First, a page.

Know Your FAFSA Deadlines
Do Not Miss Out On Financial Aid by Missing a Deadline
People outside the college world simply do not understand what all the fuss is about surrounding the yearly FAFSA frenzy. This is truer than ever in 2016. Those parents of high school seniors and college freshmen, however, understand all too well the importance of completing the Free Application for Federal Student Aid in an accurate and timely manner.
The biggest change this year is that the initial date that the FAFSA will be available has been moved up from January to October. What that means to you is that students and their families can start applying for financial aid for the 2017-2018 school year as early as October 1. While many elements of the financial aid world are still figuring out what this means, and how they’ll deal with it, they all agree that it is still worthwhile to file the FAFSA as soon as possible.
The FAFSA is the crucial first step in qualifying for your share of federal, state and institutional aid, but some of these programs only have limited funds available. Once the money runs out, you may not receive that specific type of aid, even if you would otherwise be eligible. That could severely impact your ability to afford attending the college of your dreams. Here are a few other factors you must keep in mind when filing the FAFSA:
- Many Colleges Have Early Financial Aid Deadlines: Most colleges offer their own types of financial aid, such as grants and scholarships, or they participate in the federal work-study and Pell Grant programs. Although you may technically have a longer time to complete the FAFSA application, some colleges have surprisingly earlier deadlines. The school’s priority financial aid deadline is the date by which the FAFSA should be completed so that your student will have the best possible chance of receiving both federal and institutional financial aid. Don’t be shocked to find out that some of these deadlines fall very early in the application process, or that colleges have moved up their filing deadlines in light of the FAFSA changes.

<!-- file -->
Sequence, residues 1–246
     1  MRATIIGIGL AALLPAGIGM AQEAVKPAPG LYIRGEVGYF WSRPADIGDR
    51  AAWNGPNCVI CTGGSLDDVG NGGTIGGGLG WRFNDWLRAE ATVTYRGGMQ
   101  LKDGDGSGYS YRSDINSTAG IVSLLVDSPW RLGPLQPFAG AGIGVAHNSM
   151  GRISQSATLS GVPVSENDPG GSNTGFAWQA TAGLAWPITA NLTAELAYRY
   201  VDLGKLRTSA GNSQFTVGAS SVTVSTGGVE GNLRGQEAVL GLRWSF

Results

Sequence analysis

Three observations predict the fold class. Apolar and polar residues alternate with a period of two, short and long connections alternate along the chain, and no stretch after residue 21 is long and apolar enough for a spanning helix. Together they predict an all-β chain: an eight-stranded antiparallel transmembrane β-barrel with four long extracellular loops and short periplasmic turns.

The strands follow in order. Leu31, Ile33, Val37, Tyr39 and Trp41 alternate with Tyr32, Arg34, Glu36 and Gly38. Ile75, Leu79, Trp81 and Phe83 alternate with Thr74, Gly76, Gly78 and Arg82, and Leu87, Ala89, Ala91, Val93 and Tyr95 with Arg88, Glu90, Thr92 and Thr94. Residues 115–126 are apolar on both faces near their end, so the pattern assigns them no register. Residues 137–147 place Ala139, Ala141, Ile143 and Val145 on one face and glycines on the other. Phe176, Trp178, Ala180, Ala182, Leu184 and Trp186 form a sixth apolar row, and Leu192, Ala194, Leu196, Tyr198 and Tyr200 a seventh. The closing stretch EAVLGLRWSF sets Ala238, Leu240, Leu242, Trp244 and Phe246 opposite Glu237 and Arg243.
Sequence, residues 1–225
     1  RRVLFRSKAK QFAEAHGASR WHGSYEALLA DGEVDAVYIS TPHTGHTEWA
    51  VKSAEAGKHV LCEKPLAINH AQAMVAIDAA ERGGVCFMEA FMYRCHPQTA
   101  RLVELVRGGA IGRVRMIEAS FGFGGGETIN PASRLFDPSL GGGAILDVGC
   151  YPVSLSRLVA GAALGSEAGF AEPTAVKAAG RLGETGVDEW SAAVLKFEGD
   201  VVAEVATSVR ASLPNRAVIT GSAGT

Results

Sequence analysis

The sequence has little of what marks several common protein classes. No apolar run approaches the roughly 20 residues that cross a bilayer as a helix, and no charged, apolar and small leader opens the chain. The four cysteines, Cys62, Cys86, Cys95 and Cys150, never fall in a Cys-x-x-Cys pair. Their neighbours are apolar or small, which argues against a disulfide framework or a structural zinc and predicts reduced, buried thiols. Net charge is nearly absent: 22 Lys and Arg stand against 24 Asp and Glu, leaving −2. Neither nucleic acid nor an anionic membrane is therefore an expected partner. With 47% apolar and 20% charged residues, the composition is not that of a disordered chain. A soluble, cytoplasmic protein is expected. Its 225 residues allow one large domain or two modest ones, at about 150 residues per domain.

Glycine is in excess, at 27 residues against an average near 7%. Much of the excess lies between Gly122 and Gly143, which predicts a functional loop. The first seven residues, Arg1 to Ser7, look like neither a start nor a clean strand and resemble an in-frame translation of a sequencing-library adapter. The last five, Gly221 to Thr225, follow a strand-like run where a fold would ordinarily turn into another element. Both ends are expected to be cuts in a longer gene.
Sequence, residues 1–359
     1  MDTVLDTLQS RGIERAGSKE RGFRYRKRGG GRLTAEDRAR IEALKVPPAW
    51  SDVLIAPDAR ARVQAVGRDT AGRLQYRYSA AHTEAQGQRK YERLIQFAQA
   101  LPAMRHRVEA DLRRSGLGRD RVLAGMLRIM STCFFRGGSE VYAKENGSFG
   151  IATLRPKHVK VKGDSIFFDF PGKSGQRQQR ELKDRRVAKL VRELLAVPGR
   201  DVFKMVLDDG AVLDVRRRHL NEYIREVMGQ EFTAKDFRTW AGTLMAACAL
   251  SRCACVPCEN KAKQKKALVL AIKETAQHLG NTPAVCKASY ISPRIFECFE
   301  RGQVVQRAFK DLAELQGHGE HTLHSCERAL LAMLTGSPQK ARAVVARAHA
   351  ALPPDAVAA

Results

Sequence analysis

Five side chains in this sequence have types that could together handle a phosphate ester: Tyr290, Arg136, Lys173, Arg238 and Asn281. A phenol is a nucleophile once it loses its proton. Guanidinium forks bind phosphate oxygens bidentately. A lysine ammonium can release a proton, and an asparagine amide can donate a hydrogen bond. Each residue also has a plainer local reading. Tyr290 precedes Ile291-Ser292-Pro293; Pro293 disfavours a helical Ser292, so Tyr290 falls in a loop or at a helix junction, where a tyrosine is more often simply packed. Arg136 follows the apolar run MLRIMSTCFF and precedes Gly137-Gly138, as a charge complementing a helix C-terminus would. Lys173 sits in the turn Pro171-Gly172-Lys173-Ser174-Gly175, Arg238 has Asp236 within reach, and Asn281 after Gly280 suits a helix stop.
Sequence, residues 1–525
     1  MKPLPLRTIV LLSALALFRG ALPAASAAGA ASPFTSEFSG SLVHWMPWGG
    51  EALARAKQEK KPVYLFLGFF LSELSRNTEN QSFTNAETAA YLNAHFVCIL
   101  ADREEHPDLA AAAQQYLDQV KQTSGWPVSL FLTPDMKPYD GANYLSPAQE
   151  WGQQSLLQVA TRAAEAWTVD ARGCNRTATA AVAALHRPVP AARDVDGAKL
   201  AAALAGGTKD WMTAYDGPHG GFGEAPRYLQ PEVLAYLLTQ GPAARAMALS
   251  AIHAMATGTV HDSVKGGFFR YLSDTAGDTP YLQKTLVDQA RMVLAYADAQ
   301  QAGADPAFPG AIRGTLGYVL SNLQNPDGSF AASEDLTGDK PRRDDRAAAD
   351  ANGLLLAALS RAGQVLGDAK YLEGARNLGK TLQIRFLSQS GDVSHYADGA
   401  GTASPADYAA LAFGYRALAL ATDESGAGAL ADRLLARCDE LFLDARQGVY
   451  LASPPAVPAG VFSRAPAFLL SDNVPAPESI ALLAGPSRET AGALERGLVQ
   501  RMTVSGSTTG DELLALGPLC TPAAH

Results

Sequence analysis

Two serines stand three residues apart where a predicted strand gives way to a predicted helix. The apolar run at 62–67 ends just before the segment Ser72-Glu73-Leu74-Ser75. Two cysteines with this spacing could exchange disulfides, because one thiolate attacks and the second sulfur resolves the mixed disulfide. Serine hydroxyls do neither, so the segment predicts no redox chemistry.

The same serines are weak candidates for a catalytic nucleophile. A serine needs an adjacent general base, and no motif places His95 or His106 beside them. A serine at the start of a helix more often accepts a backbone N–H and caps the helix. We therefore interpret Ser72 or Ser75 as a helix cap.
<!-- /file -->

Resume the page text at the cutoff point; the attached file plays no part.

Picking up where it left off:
- Know Your State’s Financial Aid Deadline: In addition to federal financial aid, students might qualify for assistance from their state of residence if they decide to attend college in-state. It is also important to know what these deadlines are, so your student doesn’t miss out on qualifying for the maximum amount of financial aid possible. To find your state’s deadline, visit the Federal Student Aid website, enter your state of legal residence, and check the year for which you are applying to receive financial aid.
- Be Sure to Allow for Processing Time: Depending on whether you use the electronic or paper version, and the volume they are processing, it can take anywhere from one to four weeks to process your FAFSA and send the results to your selected schools. Keep this in mind when checking deadlines, so that you allow for plenty of processing time. Also be sure to avoid these common FAFSA mistakes, so as not to further delay your application.
- You Don’t Have to Wait Until Your Taxes Are Filed: With previous FAFSAs, many families struggled with the overlap between filing federal income tax returns and supplying financial information. That will be easier now due to a revision called the Prior-Prior-Year, or PPY. Beginning with the FAFSA that will be available on October 1, 2016, filers will utilize information from a tax year for which the forms are more likely to have been submitted. On the 2017-2018 FAFSA, you will be able to submit information from the 2015 tax year. Since the majority of tax returns are likely to be filed by October, this should enable you to use the IRS Data Retrieval Tool to complete your application.
Applying for college can be a complex and time-consuming process, but don’t let all your hard work go to waste by missing an important deadline. Be aware of federal, state and institutional deadlines, take your time to get it right, allow for processing time, and you should be able to overcome this potential roadblock on the road to your college education.